The financial services industry is a fast-paced and data-intensive environment, and financial firms are realizing that they must modernize their IT infrastructures and invest in high performance computing (HPC) tools in order to survive. Read more…

HPC Compiler Company PathScale Seeks Life Raft

March 23, 2017

HPCwire has learned that HPC compiler company PathScale has fallen on difficult times and is asking the community for help or actively seeking a buyer for its assets. Read more…

By Tiffany Trader

Google Launches New Machine Learning Journal

March 22, 2017

On Monday, Google announced plans to launch a new peer review journal and “ecosystem” Read more…

By John Russell

Swiss Researchers Peer Inside Chips with Improved X-Ray Imaging

March 22, 2017

Peering inside semiconductor chips using x-ray imaging isn’t new, but the technique hasn’t been especially good or easy to accomplish. Read more…

By John Russell

LANL Simulation Shows Massive Black Holes Break ‘Speed Limit’

March 21, 2017

A new computer simulation based on codes developed at Los Alamos National Laboratory (LANL) is shedding light on how supermassive black holes could have formed in the early universe contrary to most prior models which impose a limit on how fast these massive ‘objects’ can form. Read more…

HPC Compiler Company PathScale Seeks Life Raft

March 23, 2017

HPCwire has learned that HPC compiler company PathScale has fallen on difficult times and is asking the community for help or actively seeking a buyer for its assets. Read more…

By Tiffany Trader

Quantum Bits: D-Wave and VW; Google Quantum Lab; IBM Expands Access

March 21, 2017

For a technology that’s usually characterized as far off and in a distant galaxy, quantum computing has been steadily picking up steam. Read more…

By John Russell

Trump Budget Targets NIH, DOE, and EPA; No Mention of NSF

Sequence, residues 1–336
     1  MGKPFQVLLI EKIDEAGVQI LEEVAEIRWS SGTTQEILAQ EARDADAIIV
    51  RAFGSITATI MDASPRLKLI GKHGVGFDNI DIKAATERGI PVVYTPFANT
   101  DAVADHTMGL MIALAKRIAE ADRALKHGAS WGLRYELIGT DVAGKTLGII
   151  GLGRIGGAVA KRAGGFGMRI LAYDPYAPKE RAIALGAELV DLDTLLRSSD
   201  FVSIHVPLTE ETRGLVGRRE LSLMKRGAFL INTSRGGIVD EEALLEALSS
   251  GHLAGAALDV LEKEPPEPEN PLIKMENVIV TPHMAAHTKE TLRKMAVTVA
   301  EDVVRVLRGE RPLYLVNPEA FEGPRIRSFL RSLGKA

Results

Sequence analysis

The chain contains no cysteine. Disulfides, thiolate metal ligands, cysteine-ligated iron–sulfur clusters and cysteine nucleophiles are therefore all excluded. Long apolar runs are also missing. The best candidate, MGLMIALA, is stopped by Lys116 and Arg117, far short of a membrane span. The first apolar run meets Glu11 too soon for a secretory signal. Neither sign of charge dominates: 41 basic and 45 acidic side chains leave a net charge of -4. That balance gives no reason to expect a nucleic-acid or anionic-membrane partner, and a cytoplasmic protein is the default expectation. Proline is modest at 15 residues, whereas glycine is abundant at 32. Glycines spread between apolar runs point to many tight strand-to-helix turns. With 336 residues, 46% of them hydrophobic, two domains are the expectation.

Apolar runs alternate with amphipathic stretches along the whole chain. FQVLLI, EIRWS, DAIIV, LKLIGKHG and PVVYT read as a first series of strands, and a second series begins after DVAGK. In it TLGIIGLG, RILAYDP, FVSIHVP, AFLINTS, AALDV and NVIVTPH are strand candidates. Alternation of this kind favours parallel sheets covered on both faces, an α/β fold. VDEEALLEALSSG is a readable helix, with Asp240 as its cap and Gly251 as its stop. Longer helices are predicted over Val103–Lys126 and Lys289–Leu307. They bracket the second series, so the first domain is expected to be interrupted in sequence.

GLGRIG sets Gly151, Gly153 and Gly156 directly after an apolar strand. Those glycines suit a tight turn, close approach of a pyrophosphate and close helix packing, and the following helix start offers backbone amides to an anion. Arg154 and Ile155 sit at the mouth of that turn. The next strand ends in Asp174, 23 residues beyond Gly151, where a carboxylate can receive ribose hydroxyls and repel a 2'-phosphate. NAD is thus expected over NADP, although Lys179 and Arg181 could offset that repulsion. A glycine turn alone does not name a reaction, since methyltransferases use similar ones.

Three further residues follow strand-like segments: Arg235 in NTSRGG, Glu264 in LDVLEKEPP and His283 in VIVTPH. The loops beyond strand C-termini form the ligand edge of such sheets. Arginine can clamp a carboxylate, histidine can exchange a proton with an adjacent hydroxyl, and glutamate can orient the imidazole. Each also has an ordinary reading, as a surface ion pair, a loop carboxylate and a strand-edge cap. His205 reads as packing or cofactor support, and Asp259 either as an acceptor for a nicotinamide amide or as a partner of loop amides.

March 16, 2017

President Trump’s proposed U.S. fiscal 2018 budget issued today sharply cuts science spending while bolstering military spending as he promised during the campaign. Read more…

By John Russell

CPU-based Visualization Positions for Exascale Supercomputing

March 16, 2017

In this contributed perspective piece, Intel’s Jim Jeffers makes the case that CPU-based visualization is now widely adopted and as such is no longer a contrarian view, but is rather an exascale requirement. Read more…

By Jim Jeffers, Principal Engineer and Engineering Leader, Intel

US Supercomputing Leaders Tackle the China Question

March 15, 2017

Joint DOE-NSA report responds to the increased global pressures impacting the competitiveness of U.S. supercomputing. Read more…

By Tiffany Trader

New Japanese Supercomputing Project Targets Exascale

March 14, 2017

Another Japanese supercomputing project was revealed this week, this one from emerging supercomputer maker, ExaScaler Inc., and Keio University. The partners are working on an original supercomputer design with exascale aspirations. Read more…

By Tiffany Trader

Nvidia Debuts HGX-1 for Cloud; Announces Fujitsu AI Deal

March 9, 2017

On Monday Nvidia announced a major deal with Fujitsu to help build an AI supercomputer for RIKEN using 24 DGX-1 servers. Read more…

By John Russell

HPC4Mfg Advances State-of-the-Art for American Manufacturing

March 9, 2017

Last Friday (March 3, 2017), the High Performance Computing for Manufacturing (HPC4Mfg) program held an industry engagement day workshop in San Diego, bringing together members of the US manufacturing community, national laboratories and universities to discuss the role of high-performance computing as an innovation engine for American manufacturing. Read more…

By Tiffany Trader

For IBM/OpenPOWER: Success in 2017 = (Volume) Sales

January 11, 2017

To a large degree IBM and the OpenPOWER Foundation have done what they said they would – assembling a substantial and growing ecosystem and bringing Power-based products to market, all in about three years. Read more…

By John Russell

Trump Budget Targets NIH, DOE, and EPA; No Mention of NSF

March 16, 2017

President Trump’s proposed U.S. fiscal 2018 budget issued today sharply cuts science spending while bolstering military spending as he promised during the campaign. Read more…

By John Russell

Quantum Bits: D-Wave and VW; Google Quantum Lab; IBM Expands Access

March 21, 2017

For a technology that’s usually characterized as far off and in a distant galaxy, quantum computing has been steadily picking up steam. Read more…